I’ve never been famous enough in tech circles to warrant a post on uses this, but the joy of running your own blog is that you get to indulge any narcissistic tendencies with no filter. So here we go!
The current setup
This is the desktop setup. The idea behind this is that it’s a semi-permanent configuration so I can get really comfortable, using the best components I have access to to provide a setup I’ll enjoy using. The main features are a Herman Miller Aeron chair, which I got at a steep discount by going for a second-generation fire sale chair, and an M1 Mac Mini coupled to a 24″ Samsung curved monitor, a Matias Tactile Pro 4 keyboard and a Logitech G502 mouse. There’s a Sandberg USB camera (which isn’t great, but works well enough if I use it via OBS’s virtual camera) and a Blue Yeti mic too. The headphones are Marshall Major III, and the Philips FX-10 is used as a Bluetooth stereo.
I do all my streaming (both Dos Amigans and [objc retain];) from this desk too, so all the other hardware you see is related to that. There are two Intel NUC devices (though one is mounted behind one of the monitors), one running FreeBSD (for GNUstep) and one Windows 10 (with WinUAE/Amiga Forever). The Ducky Shine 6 keyboard and Glorious Model O mouse are used to drive whichever box I’m streaming from, which connects to the other Samsung monitor via an AVerMedia HDMI capture device.
The laptop setup is on a variable-height desk (Ikea SKARSTA), and this laptop is actually provided by my employer. It’s a 12″ MacBook Pro (Intel). The idea is that it should be possible to work here, and in fact at the moment I spend most of my work time at it; but it should also be very easy to grab the laptop and take it away. To that end, the stuff plugged into the USB hub is mostly charge cables, and the peripheral hardware is mostly wireless: Apple Magic Mouse and Keyboard, and a Corsair headset. A desk-mounted stand and a music-style stand hold the tablets I need for developing a cross-platform app at work.
And it happens that there’s an Amiga CD32 with its own mouse, keyboard, and joypad alongside: that mostly gets used for casual gaming.
The general principle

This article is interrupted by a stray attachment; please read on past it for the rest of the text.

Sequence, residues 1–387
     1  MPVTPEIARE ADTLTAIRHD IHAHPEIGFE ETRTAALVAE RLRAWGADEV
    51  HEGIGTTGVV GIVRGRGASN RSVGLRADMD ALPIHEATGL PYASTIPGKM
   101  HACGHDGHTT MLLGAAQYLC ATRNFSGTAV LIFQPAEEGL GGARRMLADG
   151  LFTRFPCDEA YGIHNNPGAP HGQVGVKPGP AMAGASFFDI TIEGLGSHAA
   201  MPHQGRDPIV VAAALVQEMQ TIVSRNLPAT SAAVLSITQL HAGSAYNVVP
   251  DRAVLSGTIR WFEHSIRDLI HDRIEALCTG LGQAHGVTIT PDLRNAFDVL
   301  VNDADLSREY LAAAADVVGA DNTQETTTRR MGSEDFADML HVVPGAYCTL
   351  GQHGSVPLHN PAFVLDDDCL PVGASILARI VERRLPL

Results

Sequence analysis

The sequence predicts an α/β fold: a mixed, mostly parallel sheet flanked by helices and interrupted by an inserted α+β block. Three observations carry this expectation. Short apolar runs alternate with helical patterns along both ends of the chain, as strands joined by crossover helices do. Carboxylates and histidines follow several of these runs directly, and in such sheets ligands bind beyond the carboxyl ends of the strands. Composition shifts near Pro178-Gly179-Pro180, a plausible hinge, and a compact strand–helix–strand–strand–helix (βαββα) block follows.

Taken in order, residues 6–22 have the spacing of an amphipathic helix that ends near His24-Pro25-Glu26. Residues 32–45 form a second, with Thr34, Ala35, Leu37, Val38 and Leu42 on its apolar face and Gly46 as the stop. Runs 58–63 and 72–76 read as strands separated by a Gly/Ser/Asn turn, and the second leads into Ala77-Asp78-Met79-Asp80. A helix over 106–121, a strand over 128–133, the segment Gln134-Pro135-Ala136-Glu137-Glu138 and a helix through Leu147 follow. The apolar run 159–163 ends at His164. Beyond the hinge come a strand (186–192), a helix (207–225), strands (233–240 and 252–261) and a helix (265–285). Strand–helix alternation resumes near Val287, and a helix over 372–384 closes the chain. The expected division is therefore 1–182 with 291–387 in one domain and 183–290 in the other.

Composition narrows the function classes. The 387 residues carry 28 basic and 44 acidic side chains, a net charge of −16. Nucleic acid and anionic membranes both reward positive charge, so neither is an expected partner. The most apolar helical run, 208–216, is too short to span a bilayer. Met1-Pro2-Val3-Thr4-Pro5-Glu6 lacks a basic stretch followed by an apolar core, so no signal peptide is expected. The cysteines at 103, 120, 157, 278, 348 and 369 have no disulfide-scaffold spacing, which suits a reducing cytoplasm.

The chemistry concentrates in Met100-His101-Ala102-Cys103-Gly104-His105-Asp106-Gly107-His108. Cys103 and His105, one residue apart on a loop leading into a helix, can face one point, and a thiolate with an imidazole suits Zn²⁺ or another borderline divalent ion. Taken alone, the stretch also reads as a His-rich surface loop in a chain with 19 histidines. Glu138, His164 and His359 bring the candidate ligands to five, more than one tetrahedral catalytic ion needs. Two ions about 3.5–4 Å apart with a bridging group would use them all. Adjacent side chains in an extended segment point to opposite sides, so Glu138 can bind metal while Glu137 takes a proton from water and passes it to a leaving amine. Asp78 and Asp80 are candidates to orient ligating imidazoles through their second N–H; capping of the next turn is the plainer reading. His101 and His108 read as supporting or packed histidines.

Believe it or not, the pattern I’m trying to conform to here is “one desktop, one laptop”. All those streaming and gaming things are appliances for specific tasks, they aren’t a part of my regular computering setup. I’ve been lucky to be able to keep to the “one desktop, one laptop” pattern since around 2004, usually using a combination of personal and work-supplied equipment, or purchased and handed-down. For example, the 2004-2006 setup was a “rescued from the trash” PowerMac 9600 and a handed-down G3 Wallstreet; both very old computers at that time, but readily affordable to a fresh graduate on an academic support staff salary.
The concept is that the desktop setup should be the one that is most immediate and comfortable, that if I need to spend a few hours computering I will be able to get on very well with. The laptop setup should make it possible to work, and I should be able to easily pick it up and take it with me when I need to do so.
For a long time, this meant something like “I can put my current Xcode project and a conference presentation on a USB stick, copy it to the laptop, then go to a conference to deliver my talk and hack on a project in the hotel room”. These days, ubiquitous wi-fi and cloud sync products remove some of the friction, and I can usually rely on my projects being available on the laptop at time of use (or being a small number of steps away).
I’ve never been a single-platform person. Sometimes “my desktop” is a Linux PC, sometimes a Mac, it’s even been a NeXT Turbo Station and a Sun Ultra workstation before. Sometimes “my laptop” is a Linux PC, sometimes a Mac, the most outré was that G3 which ran OpenDarwin for a time. The biggest ramification of that is that I’ve never got particularly deep into configuring my tools. It’s better for me to be able to find my way around a new vanilla system than it is to have a deep custom configuration that I understand really well but is difficult to port.
When Mac OS X had the csh shell as default, I used that. Then with 10.3 I switched to bash. Then with 10.15 I switched to zsh. My dotfiles repo has a git config, and a little .emacs that enables some org-mode plugins. But that’s it.